By the time I reached home it was well past midnight. Mary's brother had arrived from London and in deference I had left them alone to share the last few minutes together. Jenna had been put to bed and Keri, not knowing when I would return, had sadly laid the Christmas packages under the tree. I sat down in the rocker in front of the illuminated Christmas tree and lay my head in my hands. Somewhere between the angel and Mary's house I had figured it out.I share this now with you now in prayer. I pray that I may, and that all parents may, truly savor their children's childhood. Bask in it. Wallow in it. Soak it up. Our children are a gift from God and they are on loan. God-willing they will grow up into adults with hands that do not fold so easily within our own. We never know how long we may have with them. Don't rush it. Don't hurry it. For goodness sake, do all that you can to slow it down, for this phase will be gone too soon. Savor all of the joy that comes from parenthood.
The first gift of Christmas. It just came. It came to my heart. The first gift of Christmas was love. A parent's love. Pure as the first snows of Christmas. For God so loved His children that He sent His son, that we might someday return to Him. I understood what Mary had been trying to teach me. I stood up and walked up the stairs where my little girl lay sleeping. I picked up her warm little body and, cradling her tightly in my arms, brought her back down to the den. My tears fell on her hair. My little girl. My precious little girl. How foolish I'd been to let her childhood, her fleeting, precious childhood slip away. Forever. In my young mind everything was so permanent and lasting. My little girl would be my little girl forever. But time would prove me wrong. Someday she'd grow up. Someday she'd be gone and I would be left with the memory of giggles and secrets I might have known.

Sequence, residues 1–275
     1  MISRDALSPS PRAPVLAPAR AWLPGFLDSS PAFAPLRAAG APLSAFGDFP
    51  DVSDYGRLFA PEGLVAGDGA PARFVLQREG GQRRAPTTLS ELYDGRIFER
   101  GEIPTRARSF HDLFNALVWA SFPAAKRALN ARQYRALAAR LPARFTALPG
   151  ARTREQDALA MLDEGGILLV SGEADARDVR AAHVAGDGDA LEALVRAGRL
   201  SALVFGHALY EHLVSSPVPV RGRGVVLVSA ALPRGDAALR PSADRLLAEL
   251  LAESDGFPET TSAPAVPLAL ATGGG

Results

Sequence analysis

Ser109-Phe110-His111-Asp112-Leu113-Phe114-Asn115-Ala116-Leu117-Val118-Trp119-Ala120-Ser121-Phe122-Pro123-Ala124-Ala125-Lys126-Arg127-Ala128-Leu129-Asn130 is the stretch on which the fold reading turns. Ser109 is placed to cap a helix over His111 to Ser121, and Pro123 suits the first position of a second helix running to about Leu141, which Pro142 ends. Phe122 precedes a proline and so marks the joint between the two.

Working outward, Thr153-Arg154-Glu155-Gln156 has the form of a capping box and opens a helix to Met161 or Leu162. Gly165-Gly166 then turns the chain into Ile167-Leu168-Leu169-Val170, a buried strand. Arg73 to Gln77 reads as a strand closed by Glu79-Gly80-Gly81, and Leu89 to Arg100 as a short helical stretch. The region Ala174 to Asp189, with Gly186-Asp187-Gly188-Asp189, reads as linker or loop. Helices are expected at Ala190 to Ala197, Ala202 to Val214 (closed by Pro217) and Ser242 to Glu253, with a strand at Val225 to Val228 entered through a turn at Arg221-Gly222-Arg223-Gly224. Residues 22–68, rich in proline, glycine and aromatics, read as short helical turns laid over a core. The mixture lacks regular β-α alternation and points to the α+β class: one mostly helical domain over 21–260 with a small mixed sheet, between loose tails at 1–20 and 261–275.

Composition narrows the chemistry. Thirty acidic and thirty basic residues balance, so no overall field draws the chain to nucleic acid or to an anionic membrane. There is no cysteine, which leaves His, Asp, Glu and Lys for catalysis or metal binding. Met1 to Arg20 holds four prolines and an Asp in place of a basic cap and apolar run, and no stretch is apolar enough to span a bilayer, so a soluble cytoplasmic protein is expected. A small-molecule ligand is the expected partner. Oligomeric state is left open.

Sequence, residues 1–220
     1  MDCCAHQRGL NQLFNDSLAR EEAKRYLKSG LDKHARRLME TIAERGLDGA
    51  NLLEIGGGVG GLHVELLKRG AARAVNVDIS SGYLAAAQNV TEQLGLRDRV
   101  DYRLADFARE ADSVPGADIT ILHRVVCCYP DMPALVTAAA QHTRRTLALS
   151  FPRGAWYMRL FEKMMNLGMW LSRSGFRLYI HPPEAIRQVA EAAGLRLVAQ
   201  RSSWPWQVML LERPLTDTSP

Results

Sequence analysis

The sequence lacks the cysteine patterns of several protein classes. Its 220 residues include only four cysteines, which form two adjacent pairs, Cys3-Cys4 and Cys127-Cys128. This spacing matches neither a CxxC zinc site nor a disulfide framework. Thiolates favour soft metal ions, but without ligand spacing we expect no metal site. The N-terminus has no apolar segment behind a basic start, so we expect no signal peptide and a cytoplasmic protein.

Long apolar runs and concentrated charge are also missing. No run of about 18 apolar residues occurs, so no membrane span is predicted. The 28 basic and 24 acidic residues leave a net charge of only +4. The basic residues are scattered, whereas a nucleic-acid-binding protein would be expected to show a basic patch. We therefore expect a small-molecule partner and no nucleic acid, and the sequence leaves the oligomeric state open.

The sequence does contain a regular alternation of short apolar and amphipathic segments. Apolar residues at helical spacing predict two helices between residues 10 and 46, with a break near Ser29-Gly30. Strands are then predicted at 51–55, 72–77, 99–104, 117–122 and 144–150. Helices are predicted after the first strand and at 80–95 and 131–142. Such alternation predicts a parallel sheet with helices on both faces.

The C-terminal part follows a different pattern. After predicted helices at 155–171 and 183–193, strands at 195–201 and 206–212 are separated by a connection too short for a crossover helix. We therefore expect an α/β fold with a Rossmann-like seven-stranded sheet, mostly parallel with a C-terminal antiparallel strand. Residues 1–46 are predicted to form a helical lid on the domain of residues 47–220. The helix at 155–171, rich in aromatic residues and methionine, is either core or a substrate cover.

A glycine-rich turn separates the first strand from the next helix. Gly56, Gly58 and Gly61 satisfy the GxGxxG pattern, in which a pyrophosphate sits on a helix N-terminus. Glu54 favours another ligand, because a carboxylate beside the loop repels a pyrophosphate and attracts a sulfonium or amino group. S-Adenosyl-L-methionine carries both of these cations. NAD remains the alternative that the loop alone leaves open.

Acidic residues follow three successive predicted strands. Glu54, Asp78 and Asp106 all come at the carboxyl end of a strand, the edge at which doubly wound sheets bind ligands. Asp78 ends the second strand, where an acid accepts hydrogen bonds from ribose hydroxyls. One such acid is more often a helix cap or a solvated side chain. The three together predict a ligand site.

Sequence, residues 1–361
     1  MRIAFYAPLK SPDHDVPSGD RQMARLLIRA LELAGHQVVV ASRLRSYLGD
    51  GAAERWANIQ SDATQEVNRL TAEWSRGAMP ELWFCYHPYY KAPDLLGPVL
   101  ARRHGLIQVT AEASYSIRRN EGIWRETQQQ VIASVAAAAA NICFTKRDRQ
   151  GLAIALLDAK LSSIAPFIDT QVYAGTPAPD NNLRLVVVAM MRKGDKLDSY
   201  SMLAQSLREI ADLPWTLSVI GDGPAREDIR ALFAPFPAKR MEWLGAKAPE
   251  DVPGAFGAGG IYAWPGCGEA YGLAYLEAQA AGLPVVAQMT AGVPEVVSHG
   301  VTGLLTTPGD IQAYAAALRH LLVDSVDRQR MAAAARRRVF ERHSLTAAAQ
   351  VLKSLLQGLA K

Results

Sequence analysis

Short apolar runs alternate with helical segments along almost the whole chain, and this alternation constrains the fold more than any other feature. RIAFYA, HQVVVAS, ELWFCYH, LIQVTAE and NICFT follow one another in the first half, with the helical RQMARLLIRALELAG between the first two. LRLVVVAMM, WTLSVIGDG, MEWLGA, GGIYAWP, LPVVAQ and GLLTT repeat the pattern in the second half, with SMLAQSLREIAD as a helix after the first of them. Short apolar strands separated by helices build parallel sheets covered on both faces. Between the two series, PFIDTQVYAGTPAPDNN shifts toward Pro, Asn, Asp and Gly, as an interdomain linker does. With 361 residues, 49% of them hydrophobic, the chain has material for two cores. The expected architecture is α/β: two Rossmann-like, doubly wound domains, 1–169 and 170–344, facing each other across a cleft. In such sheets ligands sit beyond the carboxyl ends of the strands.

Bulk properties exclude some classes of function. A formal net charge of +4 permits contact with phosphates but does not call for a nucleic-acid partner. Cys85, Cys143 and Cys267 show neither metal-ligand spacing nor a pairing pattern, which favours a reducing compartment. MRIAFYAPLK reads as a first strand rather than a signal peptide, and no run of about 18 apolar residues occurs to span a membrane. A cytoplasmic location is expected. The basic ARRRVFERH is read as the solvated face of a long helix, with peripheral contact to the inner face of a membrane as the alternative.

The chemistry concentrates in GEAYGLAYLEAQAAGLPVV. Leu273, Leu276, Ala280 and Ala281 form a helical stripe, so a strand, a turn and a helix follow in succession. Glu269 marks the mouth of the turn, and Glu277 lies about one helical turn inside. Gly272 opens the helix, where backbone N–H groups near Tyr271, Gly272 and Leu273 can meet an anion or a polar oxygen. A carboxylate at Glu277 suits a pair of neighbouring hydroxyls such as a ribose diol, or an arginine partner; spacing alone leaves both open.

Jenna took a deep breath and snuggled close for warmth. I held her little body tightly against mine. This was what it meant to be a father, to know that one day I would turn around and my little girl would be gone. To look upon the sleeping little girl and to die a little inside. For one precious, fleeting moment, to hold the child in my arms, and would that time stood still.
But none of that mattered now. Not now. Not tonight. Tonight Jenna was mine and no one could take this Christmas Eve away from me but me. How wise Mary had been. Mary, who knew the pain of a father sending his son away on the first Christmas morn, knowing full well the path that lay ahead. Mary understood Christmas. The tears in the Bible showed that. Mary loved with the pure, sweet love of a mother, a love so deep that it becomes the allegory for all other love. She knew that in my quest for success in this world I had been trading diamonds for stones. She knew, and she loved me enough to help me see. Mary had given me the greatest gift of Christmas. My daughter's childhood.